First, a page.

NO RSVP: Even if someone cannot attend, you can still send them a response. Tailor the template to further the event’s purpose as a closing bow. If you are hosting a fundraising event, include a discreet donation link so they can still support the cause without attending it. If the event is for networking, providing an opt-in to a post-event email listing would allow them to still gain contacts. Convention? Let them know where they can go on social media to watch live streams or event photos.
You can provide your contacts with a positive pre-event experience, even if they do not attend the event itself.
Marketing of the Event
Local news, sponsors, online periodicals, social media, giveaway tickets
Marketing is a tool. And just like any tool, if you know how to use it correctly, then you can do just about anything. But fail to read the directions and “wing it,” and the outcome is unpredictable.
First up, make a list of all the places you want to advertise the event. Reviewing your A, B, and C invitee lists is one way to get your mind going. Where do they typically go? What media do they use?
Second, create a contact list. Create a Google Sheet of all the contacts for each type of marketing. Local news reporters. Event sponsors. Online periodicals. Social media accounts. Billboard companies. Advertisers. Giveaway connections. Let the list be the ultimate contact list specifically for marketing purposes. Not only will it be helpful for this event, but it could also be one that you reference again. And include information such as name, email, phone number, contact form link, when contacted, when followed up, yes/no, etc.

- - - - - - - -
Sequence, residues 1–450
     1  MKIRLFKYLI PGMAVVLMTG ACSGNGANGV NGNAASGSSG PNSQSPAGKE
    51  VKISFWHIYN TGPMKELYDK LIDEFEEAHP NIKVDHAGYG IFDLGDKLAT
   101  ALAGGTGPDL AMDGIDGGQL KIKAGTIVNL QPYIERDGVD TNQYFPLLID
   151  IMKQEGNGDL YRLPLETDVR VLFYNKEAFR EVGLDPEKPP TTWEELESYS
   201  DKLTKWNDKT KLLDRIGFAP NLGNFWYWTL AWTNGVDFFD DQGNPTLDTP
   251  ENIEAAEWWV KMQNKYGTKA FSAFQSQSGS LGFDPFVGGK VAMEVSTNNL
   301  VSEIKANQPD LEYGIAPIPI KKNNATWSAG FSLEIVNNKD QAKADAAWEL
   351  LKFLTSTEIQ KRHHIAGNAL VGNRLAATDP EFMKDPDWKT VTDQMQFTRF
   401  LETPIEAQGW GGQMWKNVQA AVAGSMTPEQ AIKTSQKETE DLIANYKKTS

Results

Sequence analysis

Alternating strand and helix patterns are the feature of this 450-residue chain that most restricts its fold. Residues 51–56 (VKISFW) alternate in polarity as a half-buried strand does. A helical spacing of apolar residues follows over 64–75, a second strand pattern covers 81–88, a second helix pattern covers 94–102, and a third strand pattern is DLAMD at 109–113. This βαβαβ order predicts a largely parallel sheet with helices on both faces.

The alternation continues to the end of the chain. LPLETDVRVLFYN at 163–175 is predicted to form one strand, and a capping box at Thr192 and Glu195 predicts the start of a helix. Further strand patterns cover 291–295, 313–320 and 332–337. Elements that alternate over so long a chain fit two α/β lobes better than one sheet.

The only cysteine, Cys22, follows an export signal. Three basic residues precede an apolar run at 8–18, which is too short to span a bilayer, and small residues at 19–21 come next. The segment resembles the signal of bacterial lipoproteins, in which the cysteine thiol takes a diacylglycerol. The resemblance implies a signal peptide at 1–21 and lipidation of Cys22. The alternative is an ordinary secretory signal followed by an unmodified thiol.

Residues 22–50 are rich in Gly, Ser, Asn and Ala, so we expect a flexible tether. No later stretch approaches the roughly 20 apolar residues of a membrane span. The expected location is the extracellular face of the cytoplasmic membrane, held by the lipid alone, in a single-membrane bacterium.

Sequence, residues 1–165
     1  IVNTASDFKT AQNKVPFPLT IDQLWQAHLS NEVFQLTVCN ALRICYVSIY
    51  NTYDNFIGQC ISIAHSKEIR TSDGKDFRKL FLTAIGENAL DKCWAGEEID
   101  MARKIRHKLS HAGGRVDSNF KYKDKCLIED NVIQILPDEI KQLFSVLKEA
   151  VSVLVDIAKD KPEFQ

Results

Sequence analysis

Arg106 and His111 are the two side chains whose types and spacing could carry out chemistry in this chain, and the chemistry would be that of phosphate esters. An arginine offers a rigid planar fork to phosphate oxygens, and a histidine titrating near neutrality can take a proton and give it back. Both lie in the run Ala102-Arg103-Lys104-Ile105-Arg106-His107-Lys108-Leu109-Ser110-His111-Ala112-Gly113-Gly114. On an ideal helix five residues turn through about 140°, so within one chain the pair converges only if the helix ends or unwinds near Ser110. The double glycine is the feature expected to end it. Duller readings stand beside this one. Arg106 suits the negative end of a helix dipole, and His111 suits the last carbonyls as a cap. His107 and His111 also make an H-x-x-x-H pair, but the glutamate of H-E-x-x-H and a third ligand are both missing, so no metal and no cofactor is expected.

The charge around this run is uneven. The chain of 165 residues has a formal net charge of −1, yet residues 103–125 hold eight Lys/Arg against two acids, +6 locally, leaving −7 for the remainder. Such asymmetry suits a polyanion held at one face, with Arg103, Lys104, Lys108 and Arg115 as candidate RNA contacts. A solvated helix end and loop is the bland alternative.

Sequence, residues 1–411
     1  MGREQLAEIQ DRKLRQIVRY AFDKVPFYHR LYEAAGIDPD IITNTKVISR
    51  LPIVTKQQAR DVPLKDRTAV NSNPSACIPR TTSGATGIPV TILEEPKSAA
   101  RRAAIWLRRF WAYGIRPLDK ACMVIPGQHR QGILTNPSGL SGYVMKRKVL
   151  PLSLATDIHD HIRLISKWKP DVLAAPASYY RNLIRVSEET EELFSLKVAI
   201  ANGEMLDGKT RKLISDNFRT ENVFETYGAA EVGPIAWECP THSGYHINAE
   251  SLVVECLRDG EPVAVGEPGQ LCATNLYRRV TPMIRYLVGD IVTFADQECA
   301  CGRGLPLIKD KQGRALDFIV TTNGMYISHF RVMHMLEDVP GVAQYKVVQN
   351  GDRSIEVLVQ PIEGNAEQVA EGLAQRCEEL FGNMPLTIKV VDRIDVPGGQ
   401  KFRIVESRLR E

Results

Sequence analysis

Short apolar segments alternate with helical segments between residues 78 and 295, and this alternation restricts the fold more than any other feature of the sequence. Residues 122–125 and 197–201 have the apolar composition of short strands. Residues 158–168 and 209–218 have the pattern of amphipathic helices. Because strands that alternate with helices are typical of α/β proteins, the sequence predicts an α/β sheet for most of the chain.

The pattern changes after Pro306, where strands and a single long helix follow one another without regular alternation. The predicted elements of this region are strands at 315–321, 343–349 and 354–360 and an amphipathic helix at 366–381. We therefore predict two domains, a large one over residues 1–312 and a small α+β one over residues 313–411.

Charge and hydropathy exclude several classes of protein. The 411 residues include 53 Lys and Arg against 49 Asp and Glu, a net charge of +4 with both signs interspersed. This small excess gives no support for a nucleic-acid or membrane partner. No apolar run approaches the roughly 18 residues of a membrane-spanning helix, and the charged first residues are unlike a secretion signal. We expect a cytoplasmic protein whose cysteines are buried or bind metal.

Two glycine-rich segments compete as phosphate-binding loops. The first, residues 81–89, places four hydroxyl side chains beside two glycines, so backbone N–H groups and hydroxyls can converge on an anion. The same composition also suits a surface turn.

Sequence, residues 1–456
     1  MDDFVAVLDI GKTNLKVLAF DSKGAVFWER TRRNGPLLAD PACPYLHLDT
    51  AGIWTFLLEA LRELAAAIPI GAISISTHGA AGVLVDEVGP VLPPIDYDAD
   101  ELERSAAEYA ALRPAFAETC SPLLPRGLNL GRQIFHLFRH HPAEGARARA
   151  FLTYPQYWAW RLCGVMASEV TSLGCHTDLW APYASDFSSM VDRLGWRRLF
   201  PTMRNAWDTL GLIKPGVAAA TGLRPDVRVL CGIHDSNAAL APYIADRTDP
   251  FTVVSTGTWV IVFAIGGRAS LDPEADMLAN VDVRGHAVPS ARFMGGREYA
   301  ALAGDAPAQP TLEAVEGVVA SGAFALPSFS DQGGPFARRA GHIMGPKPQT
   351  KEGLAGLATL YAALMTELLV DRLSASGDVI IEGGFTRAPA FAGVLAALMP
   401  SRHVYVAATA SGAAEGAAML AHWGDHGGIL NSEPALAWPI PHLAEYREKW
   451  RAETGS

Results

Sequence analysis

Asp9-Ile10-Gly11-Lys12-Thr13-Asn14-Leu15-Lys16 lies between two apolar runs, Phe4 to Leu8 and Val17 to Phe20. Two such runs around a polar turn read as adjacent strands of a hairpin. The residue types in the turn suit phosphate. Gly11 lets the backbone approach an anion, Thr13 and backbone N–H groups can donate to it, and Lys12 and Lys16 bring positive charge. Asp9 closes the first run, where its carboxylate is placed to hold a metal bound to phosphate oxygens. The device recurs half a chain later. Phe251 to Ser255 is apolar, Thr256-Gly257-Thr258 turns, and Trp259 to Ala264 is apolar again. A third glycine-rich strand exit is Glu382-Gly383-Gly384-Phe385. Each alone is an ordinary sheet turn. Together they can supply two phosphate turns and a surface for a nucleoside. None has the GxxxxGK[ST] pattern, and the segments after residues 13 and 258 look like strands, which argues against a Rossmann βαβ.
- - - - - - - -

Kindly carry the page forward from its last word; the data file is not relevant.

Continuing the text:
Including location of ticketing compared to ticketing and other tables
Seating arrangements are obviously for sit-down events, which might not apply to you but is still important to review. I’ve attended several events and have noticed a frequently missed opportunity. Be sure to intentionally place volunteers, Board Members, or anybody passionate about the event at each table. These are considered your table ambassadors and can answer guests’ questions throughout the event. They can share their experiences with the event subject or some meaningful stories. If you host a networking event, they can help make introductions and ease any uncomfortable nerves.
If you are not having an event with a seated portion, I still recommend having these event ambassadors join your team and engage with guests similarly.
Not much to say about an AV system as it is reasonably straightforward, but a good AV system is worth its weight when it comes to throwing an event. Quality speakers, solid microphones, and accountable lighting. Just make sure that there are no tables/booths/chairs set up directly in front of the speakers because all your guests will walk away with ringing ears.
An event is only as good as its preparation. And that includes a detailed timetable. Preferably, down to 15-minute increments. You’re probably rolling your eyes at this, but trust me! When I first heard this rule of thumb, I thought it was absurd. Until I had to throw an event and realized how vital it is, especially for setup and speaker times.
Include when vendors are arriving, unloading, and setting up. When food needs to go out. When the team needs to change from dingy setup clothes to clean branded attire. When does everything have to be complete, and when is the first guest expected to arrive.